The NIEHS Superfund Research Program (SRP) presents the fourth session in the Risk e-Learning series SRP Water Innovation - An Integrated Approach to Sustainable Solutions. Session IV, Communicating Risk and Engaging Communities: Arsenic and Well Testing, will feature efforts by several SRP Centers to engage communities on private water related to well testing and treatment alternatives.
The 1974 Safe Drinking Water Act (SDWA) regulates more than 170,000 public water systems to protect health, but not more than 13 million private wells. State and local government requirements for private well water testing are rare and inconsistent; the responsibility to ensure water safety remains with individual households. Over the last two decades, geogenic arsenic has emerged as a significant public health concern due to high prevalence in many rural American communities.
Rebecca Fry, Ph.D., Director of the UNC Superfund Research Program, will introduce the session describing the health effects associated with exposure to inorganic arsenic that include both cancer and non-cancer endpoints. Inorganic arsenic continues to poison the water of millions around the globe, including populations in the United States. She will detail research that highlights that exposures that occur during critical times of development, such as the in utero period, are associated with detrimental health outcomes in children. She will also highlight innovative public health strategies that are needed to improve this global health issue such as increasing awareness of the issues of contamination, and provision of cost-effective methods for remediation.
Yan Zheng, Ph.D., from the Columbia University SRP Center, will introduce research in communities in Maine and New Jersey that has identified behavioral, situational, and financial barriers to households managing their own well water safety, resulting in far from universal screening despite traditional public health outreach efforts. They have also observed significant socioeconomic disparities in arsenic testing and treatment when private water is unregulated. They conclude that achieving universal screening will require policy interventions, and that universal screening would reduce population arsenic exposure greater than any promotional efforts to date.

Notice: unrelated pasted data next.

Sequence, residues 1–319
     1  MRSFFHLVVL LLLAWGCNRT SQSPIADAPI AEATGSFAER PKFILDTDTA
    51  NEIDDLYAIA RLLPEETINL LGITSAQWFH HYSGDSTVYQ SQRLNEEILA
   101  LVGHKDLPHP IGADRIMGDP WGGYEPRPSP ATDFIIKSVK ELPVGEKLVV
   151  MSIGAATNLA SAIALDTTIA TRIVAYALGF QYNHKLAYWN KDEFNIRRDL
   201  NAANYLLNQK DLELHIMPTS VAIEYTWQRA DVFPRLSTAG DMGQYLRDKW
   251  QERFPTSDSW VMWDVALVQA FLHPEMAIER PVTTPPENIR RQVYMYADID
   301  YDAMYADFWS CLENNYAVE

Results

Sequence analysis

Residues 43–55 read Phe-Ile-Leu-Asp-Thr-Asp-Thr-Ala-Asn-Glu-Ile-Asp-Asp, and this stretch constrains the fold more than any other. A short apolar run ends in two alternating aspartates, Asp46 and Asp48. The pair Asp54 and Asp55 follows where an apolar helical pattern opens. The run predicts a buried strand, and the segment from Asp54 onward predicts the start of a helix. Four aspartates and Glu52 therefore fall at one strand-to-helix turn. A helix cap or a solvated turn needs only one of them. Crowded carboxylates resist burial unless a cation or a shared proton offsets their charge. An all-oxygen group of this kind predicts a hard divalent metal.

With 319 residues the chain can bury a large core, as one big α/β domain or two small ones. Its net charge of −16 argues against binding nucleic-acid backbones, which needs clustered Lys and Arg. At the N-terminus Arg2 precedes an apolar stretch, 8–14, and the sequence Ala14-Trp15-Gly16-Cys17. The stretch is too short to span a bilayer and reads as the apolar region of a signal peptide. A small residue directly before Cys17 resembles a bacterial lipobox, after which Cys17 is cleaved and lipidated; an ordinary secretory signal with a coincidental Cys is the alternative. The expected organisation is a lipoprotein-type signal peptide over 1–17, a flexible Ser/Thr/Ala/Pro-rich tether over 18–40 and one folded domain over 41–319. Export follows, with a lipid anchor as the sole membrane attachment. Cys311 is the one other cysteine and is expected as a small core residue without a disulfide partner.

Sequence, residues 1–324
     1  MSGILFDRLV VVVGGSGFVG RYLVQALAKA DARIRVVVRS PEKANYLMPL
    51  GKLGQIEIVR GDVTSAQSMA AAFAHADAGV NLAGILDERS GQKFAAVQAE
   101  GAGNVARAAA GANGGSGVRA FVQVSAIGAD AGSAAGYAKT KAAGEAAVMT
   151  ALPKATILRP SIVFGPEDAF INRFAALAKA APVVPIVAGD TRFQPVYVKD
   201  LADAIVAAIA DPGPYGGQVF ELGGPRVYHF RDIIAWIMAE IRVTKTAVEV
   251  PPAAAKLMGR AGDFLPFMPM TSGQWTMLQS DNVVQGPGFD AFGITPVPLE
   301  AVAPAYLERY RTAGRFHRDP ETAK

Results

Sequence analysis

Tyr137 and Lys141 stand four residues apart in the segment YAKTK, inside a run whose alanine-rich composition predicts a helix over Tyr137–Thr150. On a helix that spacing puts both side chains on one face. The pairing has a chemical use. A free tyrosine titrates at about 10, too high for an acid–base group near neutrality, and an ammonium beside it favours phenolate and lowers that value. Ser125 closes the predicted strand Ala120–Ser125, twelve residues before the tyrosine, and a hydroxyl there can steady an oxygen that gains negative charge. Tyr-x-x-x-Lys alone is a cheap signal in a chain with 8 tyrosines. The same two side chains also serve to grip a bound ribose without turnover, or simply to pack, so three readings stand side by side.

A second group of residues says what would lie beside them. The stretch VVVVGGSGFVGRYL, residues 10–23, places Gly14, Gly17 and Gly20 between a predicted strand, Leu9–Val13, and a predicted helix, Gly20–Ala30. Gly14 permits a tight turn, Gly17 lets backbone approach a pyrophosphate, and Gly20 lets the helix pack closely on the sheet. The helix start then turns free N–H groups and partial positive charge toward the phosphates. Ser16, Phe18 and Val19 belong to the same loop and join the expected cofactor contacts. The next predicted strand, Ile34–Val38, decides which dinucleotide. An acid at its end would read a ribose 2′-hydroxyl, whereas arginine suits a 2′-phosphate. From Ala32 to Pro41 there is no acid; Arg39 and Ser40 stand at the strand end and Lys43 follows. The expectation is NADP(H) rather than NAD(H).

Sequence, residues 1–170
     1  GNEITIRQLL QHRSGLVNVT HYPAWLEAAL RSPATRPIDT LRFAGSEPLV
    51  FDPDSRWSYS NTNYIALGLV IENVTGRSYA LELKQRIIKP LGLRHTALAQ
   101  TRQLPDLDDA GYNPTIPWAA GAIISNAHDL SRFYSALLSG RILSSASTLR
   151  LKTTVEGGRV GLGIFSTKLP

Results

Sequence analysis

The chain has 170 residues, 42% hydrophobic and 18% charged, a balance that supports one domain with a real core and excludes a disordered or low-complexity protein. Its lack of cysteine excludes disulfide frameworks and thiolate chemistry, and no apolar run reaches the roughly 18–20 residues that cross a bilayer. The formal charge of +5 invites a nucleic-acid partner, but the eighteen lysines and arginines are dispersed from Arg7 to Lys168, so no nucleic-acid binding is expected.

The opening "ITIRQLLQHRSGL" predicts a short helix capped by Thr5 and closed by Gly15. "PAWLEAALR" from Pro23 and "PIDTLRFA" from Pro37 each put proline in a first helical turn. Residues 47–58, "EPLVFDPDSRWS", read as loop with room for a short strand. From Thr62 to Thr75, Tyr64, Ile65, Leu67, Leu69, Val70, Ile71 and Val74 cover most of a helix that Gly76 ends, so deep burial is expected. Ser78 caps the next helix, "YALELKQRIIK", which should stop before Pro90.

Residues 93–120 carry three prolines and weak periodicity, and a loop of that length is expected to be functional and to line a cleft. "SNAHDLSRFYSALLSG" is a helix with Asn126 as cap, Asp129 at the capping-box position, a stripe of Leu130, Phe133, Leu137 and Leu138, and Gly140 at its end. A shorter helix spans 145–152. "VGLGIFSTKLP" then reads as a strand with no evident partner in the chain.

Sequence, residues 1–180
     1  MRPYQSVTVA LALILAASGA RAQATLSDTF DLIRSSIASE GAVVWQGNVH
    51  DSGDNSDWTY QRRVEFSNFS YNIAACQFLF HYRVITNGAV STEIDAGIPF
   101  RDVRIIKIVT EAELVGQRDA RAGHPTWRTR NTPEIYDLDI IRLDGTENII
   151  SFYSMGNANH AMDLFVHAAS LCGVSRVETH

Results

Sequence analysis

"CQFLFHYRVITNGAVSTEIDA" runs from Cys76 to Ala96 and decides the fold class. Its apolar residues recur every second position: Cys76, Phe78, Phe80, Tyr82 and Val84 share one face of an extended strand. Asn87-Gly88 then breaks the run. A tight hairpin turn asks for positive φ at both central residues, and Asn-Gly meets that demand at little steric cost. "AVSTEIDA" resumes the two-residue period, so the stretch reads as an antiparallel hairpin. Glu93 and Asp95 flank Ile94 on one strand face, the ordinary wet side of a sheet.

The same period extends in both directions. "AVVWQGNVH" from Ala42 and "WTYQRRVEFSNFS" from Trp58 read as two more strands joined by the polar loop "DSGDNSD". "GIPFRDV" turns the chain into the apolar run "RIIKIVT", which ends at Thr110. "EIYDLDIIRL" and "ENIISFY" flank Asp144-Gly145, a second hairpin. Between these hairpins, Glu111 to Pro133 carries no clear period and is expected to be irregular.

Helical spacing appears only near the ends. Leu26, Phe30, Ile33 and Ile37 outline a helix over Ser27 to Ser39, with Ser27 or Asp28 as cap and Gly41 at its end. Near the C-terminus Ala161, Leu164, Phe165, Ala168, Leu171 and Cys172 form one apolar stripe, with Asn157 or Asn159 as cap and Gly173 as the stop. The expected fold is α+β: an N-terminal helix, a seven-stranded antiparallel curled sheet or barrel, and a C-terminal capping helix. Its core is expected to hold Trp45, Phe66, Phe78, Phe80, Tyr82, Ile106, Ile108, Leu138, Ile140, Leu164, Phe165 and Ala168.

Mark Borsuk, Ph.D., from the Dartmouth College SRP Center will discuss his work to measure and improve rates of arsenic well water testing in New Hampshire. They designed and implemented a statewide survey to estimate rates of well water testing and treatment for arsenic. The survey helped them to identify barriers to testing and treatment and identify target populations that test and treat at particularly low rates. They then used this information to design, implement, and evaluate interventions to overcome the identified barriers and develop a toolkit to assist communities with planning interventions of their own.
Neasha Graves, from the UNC SRP Center, along with Caroline Armijo from Residents for Coal Ash Cleanup, will introduce a new initiative at UNC, implemented jointly with Residents for Coal Ash Cleanup in Stokes County, NC. Their shared purpose is to develop a better understanding of residents' exposure to toxic metals in well water and empower them to reduce or eliminate harmful exposures. This initiative includes a survey of residents who get drinking water from private wells combined with water, soil, and urine samples from a subset of these residents.
Janick Artiola, Ph.D., from the University of Arizona SRP Center, will highlight activities working alongside communities and government agencies to address arsenic in drinking water and private well testing in Arizona. These activities involve close partnerships with University of Arizona Cooperative Extension, ATSDR and the Arizona Department of Health Services. Examples include our work in Dewey-Humboldt, AZ, a town neighboring a Superfund site, that helped highlight the risk of arsenic exposure from both private and public water sources unrelated to issues arising from the Superfund site. They also have a long tradition of reaching out to rural private well owners through workshops and informational materials that highlight Arizonas unique mineral-rich geology in relation to arsenic in drinking water exposure as well as water treatment options.